Even though I’ve lived in Canada for several years now, it wasn’t until a few weeks ago that I was able to visit Ottawa, the capital. Tim had business meetings to attend and my flexible schedule allowed me to tag along. We made a full-fledged road trip out of it, finding out-of-the-way restaurants, roaming side streets on foot, and unwittingly wandering into the annual peace officer memorial service. The British influence on Canadian culture was evident to me in the feeling of the ceremony being held on the lawn at Parliament Hill, complete with bagpipes, cannon blasts, and the different ceremonial dress uniforms that included custodian helmets or tartans or bearskin hats.
A couple of days later while Tim attended some meetings, I took a break from writing and was able to go back to visit Parliament. I’m still learning about all the differences in the ways government works in Canada compared to what I’ve known in the States, so I was excited when the security staff confirmed that Parliament was in session and I’d be able to enter the gallery and observe. I took a tour of the buildings, photographing the beautiful architecture and thoroughly enjoying the view from the top of the Peace Tower and the noontime carillon concert. Later that day I made my way to the National War Memorial in time to see the changing of the guard, also including bagpipes, joining about 50 other tourists filling the air with the sounds of our cameras and phones snapping pictures.
I’ve traveled quite a bit and visited capital cities in many countries. I enjoyed the visit to Ottawa, comparing its characteristics and resources to the other capitals I’ve visited. I enjoyed getting to experience the city first-hand after having seen it every year on the annual Remembrance Day broadcast.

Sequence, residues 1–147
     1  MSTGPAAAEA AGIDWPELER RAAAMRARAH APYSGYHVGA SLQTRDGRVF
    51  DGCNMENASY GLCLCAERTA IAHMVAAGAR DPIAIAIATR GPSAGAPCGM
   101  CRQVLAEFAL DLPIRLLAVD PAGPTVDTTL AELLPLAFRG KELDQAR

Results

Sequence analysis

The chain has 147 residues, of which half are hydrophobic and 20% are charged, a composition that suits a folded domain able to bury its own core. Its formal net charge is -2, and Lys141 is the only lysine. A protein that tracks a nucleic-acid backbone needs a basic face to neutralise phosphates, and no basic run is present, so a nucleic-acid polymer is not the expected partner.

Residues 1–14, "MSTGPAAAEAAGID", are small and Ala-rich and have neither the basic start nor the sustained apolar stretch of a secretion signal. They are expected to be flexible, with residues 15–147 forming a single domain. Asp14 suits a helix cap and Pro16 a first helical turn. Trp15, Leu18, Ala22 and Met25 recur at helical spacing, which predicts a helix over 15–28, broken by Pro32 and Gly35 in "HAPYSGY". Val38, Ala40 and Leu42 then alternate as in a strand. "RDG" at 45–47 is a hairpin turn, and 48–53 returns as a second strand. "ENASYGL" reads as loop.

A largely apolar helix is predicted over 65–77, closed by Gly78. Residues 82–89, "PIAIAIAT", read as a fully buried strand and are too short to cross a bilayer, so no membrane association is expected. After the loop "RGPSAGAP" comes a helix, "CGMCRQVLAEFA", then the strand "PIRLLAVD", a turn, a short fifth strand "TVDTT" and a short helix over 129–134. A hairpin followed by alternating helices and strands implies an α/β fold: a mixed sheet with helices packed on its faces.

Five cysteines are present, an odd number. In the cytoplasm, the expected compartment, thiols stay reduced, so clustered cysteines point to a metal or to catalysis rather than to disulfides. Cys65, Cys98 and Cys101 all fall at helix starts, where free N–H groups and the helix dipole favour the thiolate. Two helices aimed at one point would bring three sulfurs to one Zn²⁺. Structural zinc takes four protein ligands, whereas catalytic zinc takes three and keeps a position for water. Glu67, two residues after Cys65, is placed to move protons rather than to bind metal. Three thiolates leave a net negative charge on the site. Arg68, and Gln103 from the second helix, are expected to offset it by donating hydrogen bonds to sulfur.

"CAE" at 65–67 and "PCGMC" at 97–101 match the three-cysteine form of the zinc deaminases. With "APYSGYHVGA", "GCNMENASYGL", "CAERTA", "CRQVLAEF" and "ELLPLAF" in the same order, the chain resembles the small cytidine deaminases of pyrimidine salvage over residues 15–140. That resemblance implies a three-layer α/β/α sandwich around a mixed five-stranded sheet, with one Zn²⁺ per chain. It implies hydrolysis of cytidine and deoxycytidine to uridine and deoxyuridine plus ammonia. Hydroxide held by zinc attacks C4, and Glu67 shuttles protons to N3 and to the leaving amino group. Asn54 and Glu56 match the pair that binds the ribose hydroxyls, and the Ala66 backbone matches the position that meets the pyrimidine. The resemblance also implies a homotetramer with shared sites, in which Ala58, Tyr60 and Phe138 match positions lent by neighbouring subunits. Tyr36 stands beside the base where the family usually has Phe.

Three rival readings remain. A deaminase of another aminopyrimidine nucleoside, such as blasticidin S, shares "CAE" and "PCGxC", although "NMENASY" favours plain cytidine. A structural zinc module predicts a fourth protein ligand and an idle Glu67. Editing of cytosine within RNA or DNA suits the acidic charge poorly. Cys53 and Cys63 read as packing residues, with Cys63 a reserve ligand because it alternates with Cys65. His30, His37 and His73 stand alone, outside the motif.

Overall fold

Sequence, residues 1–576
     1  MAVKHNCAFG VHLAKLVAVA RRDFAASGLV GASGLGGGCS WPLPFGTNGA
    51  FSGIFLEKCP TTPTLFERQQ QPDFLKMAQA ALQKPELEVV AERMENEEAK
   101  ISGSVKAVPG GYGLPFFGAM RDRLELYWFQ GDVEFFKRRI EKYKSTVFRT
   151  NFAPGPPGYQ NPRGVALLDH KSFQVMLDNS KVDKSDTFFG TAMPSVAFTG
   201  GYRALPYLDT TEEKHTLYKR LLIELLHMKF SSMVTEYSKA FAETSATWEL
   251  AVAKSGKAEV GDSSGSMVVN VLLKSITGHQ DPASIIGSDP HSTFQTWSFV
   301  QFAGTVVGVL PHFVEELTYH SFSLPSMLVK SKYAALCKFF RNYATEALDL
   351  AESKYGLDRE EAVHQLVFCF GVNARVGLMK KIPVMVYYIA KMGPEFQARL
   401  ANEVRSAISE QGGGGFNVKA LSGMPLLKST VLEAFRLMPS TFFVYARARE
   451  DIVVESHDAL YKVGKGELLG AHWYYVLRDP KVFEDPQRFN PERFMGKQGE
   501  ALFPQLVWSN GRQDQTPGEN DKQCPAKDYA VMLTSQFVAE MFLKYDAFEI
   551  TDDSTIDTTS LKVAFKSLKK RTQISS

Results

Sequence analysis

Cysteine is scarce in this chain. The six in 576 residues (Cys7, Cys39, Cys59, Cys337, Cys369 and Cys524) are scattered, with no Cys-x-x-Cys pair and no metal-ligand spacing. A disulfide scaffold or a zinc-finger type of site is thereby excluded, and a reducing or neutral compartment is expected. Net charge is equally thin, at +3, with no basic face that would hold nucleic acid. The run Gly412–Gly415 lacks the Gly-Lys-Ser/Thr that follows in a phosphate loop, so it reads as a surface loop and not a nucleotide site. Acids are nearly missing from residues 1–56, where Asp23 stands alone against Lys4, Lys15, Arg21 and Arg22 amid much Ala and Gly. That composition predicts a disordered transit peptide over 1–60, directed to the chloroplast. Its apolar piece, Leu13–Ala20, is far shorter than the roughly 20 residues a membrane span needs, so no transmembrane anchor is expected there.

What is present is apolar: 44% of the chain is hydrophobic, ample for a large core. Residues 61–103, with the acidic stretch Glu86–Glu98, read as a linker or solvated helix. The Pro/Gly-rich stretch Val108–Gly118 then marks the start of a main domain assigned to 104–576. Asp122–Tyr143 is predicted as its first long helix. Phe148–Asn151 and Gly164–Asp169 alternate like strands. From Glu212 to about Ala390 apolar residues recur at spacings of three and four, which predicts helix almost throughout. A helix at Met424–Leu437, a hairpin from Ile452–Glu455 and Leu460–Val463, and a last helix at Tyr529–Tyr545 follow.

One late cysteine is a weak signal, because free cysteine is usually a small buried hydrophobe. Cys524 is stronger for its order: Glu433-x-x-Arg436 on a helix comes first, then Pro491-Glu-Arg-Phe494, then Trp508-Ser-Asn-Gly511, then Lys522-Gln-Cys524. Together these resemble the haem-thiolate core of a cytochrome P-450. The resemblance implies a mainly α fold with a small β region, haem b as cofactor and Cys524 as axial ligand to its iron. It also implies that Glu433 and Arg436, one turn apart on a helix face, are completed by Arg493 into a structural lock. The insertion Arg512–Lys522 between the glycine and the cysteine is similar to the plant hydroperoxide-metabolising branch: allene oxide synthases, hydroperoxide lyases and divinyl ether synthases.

A few weeks after our trip I was working at my desk one morning when my computer lit up with news alerts about a gunman loose somewhere on Parliament Hill. With the memories of my visit to Ottawa fresh in mind, this invasion of the peace and security of the War Memorial and Parliament buildings felt personal somehow. I shared the grief and disbelief being expressed by my Canadian friends in response to the tragic death of Cpl. Nathan Cirillo.
Over the years that I’ve lived in Canada, there have been times when I’ve felt a bit like an imposter. I’m not Canadian. In spite of living here and being married to a Canadian, Canadians pretty quickly identify me as an American. Don’t get me wrong, I’ve always felt welcomed here by my friends and neighbours, it’s just that I haven’t lost my awareness of being “other.” However, in the days after the October 22 attacks, walking with friends and neighbours through shared tragedy and loss, I am reminded again of the bonds of relationship that are built and deepened in the harsh experiences of life.